The southern reaches of Chicago’s South Loop might seem an odd place for a college academic building: The neighborhood is a gritty mix of warehouses, surface parking lots, loft conversions, and recently constructed residential towers. But for Columbia College Chicago, a private, 12,000-student arts and media school, a long-vacant city-owned plot at the corner of 16th and State Streets was a nearly ideal location for a Media Production Center (MPC) to house its programs in film, television, and related fields, such as video-game design.
The site is within walking distance of many of Columbia’s 21 other buildings, all to the north, but scattered throughout the South Loop. School officials had assumed they would only be able to afford land much farther from this existing cluster for the 35,000-square-foot MPC and its professional-level facilities, including sound stages, a motion-capture studio, a set-production shop, and classrooms. So when the city issued a request for proposals in June 2004 for the 1-acre lot, offering it at a discount to encourage nonresidential development, Columbia jumped at the chance. The location had only one liability — the rumble from heavy car traffic on State Street as well as from trains on nearby freight tracks and a Chicago Transit Authority “L” line. The noise and vibration were potentially disruptive to the audio and visual recording that would go on inside.
To design the MPC, Columbia turned to Jeanne Gang, FAIA, and her firm, Studio Gang, now best known as the architects of Aqua, the 82-story mixed-use tower with a rippling facade that sits just to the north of Chicago’s Millennium Park [RECORD, May 2010, page 60]. Curiously, the MPC displays none of Aqua’s sculptural expressiveness. Except for a colorfully glazed elevation inspired by the bars in television test patterns, the long and horizontal MPC is a much more low-key affair that seems to respond to the still largely industrial character of its surroundings.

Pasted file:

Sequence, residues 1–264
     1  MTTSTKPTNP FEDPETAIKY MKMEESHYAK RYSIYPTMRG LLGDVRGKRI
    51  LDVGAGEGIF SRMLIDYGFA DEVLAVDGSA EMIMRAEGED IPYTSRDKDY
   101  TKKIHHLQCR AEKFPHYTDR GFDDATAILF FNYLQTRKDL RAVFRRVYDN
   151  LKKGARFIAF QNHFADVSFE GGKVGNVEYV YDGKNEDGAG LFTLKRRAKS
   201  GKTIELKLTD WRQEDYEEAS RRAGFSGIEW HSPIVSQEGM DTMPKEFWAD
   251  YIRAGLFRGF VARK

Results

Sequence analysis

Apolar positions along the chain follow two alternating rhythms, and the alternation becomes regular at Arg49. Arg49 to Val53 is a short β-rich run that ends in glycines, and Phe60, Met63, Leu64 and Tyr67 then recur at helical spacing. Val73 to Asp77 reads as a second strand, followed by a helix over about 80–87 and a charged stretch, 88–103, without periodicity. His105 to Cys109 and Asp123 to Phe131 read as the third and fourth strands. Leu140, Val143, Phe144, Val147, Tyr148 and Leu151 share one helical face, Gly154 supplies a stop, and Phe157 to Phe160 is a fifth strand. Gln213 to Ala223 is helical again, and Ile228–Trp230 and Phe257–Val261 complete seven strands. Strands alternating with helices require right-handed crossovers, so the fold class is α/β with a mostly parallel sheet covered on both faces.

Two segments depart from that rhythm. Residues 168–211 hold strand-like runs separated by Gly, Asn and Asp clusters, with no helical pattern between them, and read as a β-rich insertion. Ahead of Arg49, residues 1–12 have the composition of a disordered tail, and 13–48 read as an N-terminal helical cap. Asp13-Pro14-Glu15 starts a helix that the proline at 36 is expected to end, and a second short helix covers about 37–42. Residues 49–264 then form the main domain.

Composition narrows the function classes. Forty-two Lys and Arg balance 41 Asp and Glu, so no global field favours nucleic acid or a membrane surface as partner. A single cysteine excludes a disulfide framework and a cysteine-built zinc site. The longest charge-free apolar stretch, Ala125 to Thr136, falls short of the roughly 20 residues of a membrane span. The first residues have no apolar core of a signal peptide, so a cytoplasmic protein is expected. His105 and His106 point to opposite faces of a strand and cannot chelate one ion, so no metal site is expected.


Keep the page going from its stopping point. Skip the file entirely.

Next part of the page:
Gang has organized the essentially one-story building as three parallel strips. The main studios, where occupants needed complete control of lighting and sound, are contained inside the largest strip — a windowless box bordering an alley at the western edge of the site. Spaces where a connection to the activity outside and access to daylight were considered desirable, including classrooms, the set shop, and the directing studio, are lined up along State Street, behind the colorful facade. Sandwiched in between these two outer volumes are spaces devoted primarily to equipment and prop storage.
A system of precast-concrete walls and steel trusses supports and encloses much of the building. This construction method, with fabrication of the wall panels performed off-site, helped contractors stick to the tight 13-month construction schedule and the $13.7 million budget. In addition, the precast units, made up of outer and inner layers of concrete of different thicknesses separated by several inches of insulation, provide an “impedance mismatch” that prevents unwanted noise from penetrating the sound stages, according to Scott Pfeiffer, a principal at Threshold, the project’s acoustics consultant. This combination of thicknesses and acoustical properties would have been difficult to create had the walls been poured in place, he explains.